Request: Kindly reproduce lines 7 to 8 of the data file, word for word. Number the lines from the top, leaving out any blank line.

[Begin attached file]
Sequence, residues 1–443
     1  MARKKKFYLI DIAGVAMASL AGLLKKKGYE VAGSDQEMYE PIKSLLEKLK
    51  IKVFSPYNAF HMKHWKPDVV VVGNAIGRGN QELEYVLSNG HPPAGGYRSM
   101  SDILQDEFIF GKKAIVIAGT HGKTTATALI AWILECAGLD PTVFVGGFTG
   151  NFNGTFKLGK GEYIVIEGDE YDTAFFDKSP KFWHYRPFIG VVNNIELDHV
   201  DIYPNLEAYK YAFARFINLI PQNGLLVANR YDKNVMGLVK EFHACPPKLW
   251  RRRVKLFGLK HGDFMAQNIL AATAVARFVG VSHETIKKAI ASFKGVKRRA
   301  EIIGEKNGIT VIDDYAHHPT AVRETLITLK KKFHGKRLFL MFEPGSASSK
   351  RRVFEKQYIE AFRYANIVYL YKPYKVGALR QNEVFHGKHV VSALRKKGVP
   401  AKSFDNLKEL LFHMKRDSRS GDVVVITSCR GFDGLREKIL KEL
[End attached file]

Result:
   251  RRRVKLFGLK HGDFMAQNIL AATAVARFVG VSHETIKKAI ASFKGVKRRA
   301  EIIGEKNGIT VIDDYAHHPT AVRETLITLK KKFHGKRLFL MFEPGSASSK